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History

History of Rutland (formerly Laarbruch)Hash House Harriers

Laarbruch HHH (Hash House Harriers) was the brainchild of Tom Kennedy, while serving at the Royal Air Force station of that name on the Dutch/German border in 1994. The Hash continued until August 1999 when RAF Laarbruch closed. On returning to the UK, a bunch of stalwarts galvanized by Tony "Bloodhound" Williams decided to resurrect the Hash and carry on where we left off.


We had some difficult early days when we could only count on four or five Hashers per run. As they were nearly all servicemen, they would all eventually move on but slowly we started to attract some civilian members and gradually the numbers built up until now they are in the majority. 
On 1 Jan 2006 we changed our name to Rutland Hash House Harriers, which more accurately reflects our situation. We operate in Rutland, Lincolnshire, Cambridgeshire, Leicestershire and Northamptonshire. In so doing we cover a large area, from within the smallest county. 
We therefore have an affinity with the Latin motto of Rutland "Multum In Parvo" - Much in little.

Bloodhound

(the guy to blame)

The History of Hashing

 

Hashing began in Kuala Lumpur, The capital city of Malaysia in 1938. A group of ex Patriots decided to get fit and have a bit of fun too. They each took it in turns to lay a paper trail around the countryside for others to follow. They then thought that if it was non competitive then it would be more fun and maybe more people would get involved. They would then run in a group with the challenge being to find the trail. After their runs the group would return to the Selangor club in Kuala Lumpur for a meal and a drink.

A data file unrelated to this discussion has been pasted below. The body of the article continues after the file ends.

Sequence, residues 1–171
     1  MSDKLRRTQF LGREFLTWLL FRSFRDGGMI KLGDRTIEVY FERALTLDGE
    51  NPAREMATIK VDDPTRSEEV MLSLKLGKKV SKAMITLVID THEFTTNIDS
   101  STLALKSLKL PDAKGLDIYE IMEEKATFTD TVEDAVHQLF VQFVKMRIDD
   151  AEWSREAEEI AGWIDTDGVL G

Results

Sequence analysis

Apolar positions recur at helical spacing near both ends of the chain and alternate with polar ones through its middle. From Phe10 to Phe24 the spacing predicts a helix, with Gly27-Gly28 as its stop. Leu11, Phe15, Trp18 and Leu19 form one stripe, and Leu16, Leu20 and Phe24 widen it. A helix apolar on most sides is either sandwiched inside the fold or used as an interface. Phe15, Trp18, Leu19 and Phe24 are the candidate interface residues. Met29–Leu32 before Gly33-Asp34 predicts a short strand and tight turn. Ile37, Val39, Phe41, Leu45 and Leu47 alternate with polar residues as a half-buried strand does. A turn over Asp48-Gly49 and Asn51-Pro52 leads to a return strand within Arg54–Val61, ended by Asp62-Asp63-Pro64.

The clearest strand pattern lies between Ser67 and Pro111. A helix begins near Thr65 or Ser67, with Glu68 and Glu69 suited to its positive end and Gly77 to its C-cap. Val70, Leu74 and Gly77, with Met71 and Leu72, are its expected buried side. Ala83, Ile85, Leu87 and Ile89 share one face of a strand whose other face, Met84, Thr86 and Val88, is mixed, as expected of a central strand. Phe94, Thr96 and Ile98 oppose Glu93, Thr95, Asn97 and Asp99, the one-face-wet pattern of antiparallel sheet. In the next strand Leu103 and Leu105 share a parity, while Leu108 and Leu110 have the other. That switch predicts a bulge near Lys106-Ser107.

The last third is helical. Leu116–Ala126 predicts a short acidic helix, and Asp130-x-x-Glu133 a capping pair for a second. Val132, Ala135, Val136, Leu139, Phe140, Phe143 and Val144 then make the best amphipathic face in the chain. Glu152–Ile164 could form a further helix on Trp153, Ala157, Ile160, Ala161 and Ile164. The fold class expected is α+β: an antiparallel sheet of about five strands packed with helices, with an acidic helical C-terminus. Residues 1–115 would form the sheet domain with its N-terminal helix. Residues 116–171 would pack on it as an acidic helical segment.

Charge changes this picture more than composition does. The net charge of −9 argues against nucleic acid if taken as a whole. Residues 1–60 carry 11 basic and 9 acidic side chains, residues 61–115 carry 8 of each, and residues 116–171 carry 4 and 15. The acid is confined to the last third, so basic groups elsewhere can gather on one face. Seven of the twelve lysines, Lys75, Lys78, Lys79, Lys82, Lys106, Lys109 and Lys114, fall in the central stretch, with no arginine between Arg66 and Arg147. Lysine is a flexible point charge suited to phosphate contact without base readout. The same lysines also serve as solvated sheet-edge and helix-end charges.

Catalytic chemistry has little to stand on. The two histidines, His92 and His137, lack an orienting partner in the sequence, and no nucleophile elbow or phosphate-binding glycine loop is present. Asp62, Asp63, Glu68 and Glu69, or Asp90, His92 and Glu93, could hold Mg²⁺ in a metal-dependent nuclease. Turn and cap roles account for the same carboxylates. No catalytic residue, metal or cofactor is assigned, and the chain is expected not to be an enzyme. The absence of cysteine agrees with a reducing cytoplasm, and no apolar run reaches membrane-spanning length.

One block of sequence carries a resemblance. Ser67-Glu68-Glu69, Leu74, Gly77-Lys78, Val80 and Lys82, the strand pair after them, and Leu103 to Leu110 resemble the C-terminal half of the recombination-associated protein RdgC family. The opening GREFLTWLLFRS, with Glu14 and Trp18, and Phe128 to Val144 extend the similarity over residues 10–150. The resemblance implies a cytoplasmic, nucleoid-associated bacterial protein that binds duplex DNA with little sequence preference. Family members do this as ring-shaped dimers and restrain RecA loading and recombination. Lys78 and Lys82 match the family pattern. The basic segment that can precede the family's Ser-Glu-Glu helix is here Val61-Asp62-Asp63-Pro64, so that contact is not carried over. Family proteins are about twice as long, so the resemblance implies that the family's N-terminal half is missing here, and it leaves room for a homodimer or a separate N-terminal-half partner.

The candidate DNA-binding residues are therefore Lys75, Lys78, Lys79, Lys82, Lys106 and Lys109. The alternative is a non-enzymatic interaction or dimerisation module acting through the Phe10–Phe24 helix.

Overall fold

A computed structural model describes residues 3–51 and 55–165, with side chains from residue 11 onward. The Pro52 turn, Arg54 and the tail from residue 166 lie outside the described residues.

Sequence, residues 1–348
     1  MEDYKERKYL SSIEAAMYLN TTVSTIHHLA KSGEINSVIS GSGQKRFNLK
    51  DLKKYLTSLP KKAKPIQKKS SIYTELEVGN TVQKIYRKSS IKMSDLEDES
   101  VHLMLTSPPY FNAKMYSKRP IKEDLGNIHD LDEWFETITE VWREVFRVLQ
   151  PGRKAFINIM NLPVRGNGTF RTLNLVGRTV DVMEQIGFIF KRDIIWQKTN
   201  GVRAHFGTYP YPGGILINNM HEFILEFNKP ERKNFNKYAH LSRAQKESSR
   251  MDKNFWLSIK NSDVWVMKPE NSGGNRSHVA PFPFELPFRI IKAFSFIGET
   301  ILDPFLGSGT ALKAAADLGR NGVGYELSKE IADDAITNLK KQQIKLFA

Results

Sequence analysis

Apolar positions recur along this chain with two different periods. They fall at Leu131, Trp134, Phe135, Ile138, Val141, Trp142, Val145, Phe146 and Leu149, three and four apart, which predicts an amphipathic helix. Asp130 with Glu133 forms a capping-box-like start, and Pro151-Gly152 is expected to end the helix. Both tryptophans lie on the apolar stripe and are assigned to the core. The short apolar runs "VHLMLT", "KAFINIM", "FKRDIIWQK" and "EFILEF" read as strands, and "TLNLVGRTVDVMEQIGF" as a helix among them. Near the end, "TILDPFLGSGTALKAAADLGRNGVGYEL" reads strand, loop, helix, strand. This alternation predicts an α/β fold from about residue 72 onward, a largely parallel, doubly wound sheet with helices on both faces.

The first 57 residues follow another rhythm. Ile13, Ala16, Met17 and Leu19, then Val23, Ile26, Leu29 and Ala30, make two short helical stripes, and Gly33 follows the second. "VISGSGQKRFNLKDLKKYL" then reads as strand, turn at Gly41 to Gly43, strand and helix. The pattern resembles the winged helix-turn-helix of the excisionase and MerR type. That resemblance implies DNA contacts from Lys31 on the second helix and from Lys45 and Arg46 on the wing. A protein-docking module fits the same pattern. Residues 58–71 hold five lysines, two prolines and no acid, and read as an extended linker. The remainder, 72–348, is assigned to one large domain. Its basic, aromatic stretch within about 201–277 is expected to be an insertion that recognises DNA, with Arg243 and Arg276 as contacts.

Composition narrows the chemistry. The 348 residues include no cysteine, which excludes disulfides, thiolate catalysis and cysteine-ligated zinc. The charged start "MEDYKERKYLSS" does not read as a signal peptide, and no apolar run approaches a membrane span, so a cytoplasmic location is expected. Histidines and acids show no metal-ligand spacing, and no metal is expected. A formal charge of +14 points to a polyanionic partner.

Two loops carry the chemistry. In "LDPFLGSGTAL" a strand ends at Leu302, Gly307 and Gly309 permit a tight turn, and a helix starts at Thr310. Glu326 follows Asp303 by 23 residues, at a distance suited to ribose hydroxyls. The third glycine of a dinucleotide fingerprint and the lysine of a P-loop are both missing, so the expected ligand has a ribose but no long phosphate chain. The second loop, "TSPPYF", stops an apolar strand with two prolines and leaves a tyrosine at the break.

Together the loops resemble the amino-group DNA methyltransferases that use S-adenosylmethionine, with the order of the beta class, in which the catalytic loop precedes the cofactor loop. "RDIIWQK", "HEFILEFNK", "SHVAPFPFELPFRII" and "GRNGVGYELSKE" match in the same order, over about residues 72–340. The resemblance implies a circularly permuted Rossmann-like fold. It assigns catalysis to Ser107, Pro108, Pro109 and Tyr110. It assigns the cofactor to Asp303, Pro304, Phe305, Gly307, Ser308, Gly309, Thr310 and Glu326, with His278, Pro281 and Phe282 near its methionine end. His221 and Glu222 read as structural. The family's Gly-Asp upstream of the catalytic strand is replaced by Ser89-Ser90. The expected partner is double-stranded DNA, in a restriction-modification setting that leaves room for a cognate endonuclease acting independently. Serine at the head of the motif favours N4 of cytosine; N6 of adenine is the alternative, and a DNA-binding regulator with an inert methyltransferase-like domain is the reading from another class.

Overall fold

It was A S Gispert, known as G, who thought up the name of Hash House Harriers. It has been said that it was this memorable name which more than anything helped turn the paper chase into the new sport..
A Hash house was a slang name for a cheap eating house. The harrier name was given to the English cross country runner. Other prominent members of the group were "Horse" Thomson who was so called because he looked like one, and "Torch" Bennett who had red hair, so began the tradition of apparently awarding hash names (Hash Handles).
Kuala Lumpur, being the original Hashing club, was known throughout the world as the Mother Hash. Since those early days hashing has spread throughout the world, and there are 2000 hash chapters globally, including two in antarctica. very few countries, it seems, don't have one. The numbers are rising all the time.
It could be said that the sport of Hashing has come on in leaps and bounds and it has now become truly international. Little could those few ex-pats back in 1938 guess what a monster they were creating, but it is them we have to thank for creating a truly magnificent pastime.